The clock is composed of a square tower of 1.80 meters side surmounted by an octagonal turret in which evolve automatons. Two fixed statuettes represent the first two bishops of Lyon: Saint Pothin and Saint Irénée. The work ends with a dome supporting a rooster that rises 9 meters above the ground (the total height is 9.35 m).

The clock rang every day at 12:00, 14:00, 15:00 and 16:00. The automata then start moving: An angel on the left turns his hourglass, another on the right makes the conductor Rooster sings 3 times, raises neck, opens bill, flaps wings Three of the six angels surrounding “The Heavenly Father” operate the hammers of the bells playing the hymn of St. John the Baptist: “So that we may sing the marvelous facts of your life, wash the sin that defiles our mouth, O Saint John the Baptist

  • UT queant laxis
  • REsonacre fibris
  • MIra gestorum
  • FAmuli tuorum
  • Pollute SOLVE
  • LAbii reatum
  • Sancte Ioannes.

The Swiss turns quickly, starts his round, salutes with his head and hand Mary turns to the Angel Gabriel, the Holy Spirit in the form of a dove descends from the ceiling that opens “The Heavenly Father” blesses his people by three times The Swiss finish his round while the big bell under the cock sounds the new time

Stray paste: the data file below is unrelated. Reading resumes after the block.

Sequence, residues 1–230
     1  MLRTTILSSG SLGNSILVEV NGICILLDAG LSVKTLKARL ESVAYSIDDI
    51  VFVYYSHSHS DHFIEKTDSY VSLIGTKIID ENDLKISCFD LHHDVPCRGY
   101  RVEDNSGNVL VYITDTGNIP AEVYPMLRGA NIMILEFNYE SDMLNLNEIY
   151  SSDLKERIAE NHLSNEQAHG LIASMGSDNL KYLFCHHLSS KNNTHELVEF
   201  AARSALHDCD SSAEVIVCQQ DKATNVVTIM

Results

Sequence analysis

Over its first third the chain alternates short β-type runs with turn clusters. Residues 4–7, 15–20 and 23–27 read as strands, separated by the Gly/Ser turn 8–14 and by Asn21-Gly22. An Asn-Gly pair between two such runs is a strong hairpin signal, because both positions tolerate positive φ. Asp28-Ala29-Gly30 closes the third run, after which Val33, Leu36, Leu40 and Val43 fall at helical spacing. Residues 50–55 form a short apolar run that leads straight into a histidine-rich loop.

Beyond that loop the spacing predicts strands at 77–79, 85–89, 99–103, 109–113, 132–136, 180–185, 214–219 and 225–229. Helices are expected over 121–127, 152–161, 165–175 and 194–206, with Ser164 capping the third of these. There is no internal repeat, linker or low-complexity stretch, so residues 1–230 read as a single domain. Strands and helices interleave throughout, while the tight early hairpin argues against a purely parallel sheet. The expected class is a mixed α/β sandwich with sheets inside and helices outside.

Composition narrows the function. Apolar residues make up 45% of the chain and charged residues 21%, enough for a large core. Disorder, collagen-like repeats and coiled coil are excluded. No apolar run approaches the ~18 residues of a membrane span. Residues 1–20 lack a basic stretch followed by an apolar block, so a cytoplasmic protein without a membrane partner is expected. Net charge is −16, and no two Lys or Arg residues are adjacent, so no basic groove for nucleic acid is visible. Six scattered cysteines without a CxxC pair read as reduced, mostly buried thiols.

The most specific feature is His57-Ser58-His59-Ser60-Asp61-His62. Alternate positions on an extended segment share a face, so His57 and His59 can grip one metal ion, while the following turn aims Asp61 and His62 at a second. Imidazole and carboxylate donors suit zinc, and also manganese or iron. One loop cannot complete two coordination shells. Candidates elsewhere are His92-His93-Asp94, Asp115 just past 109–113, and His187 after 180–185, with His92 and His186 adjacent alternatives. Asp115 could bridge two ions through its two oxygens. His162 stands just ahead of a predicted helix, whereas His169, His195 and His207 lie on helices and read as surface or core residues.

To complete the perpetual calendar, an ecclesiastical almanac specifies in particular the dates of Ash Wednesday (first day of Lent), Easter, Ascension, Pentecost and Advent until 2019.

 

 

 

 

Here are some more photos from today’s adventure:

Visiting Montmartre Cemetery on my birthday

January 14th, 2018 I turned 54, yes I’m getting old! And I have been looking forward to visiting Montmartre Cemetery since I first saw it when exploring the sights of Paris. So, today is the day! The address is 20 Avenue Rachel, 75018 Paris, France, which is with in walking distance to our AirBnB. Most of it is situated below a bridge we cross to go to downtown Paris. So, more steps, but much less than the Bicillica! And I think it will be worth it.

So, the trip was very good, cold and lots of walking, but very interesting. There are many different graves, old and new in the same place. It would be interesting to know more about the history of the cemetery. This is all I could find when searching online:

History In the mid-18th century, overcrowding in the cemeteries of Paris had created numerous problems, from impossibly high funeral costs to unsanitary living conditions in the surrounding neighborhoods. In the 1780s, the Cimetière des Innocents was officially closed and citizens were banned from burying corpses within the city limits of Paris. During the early 19th century, new cemeteries were constructed outside the precincts of the capital: Montmartre in the north, Père Lachaise Cemetery in the east, Passy Cemetery in the west and Montparnasse Cemetery in the south.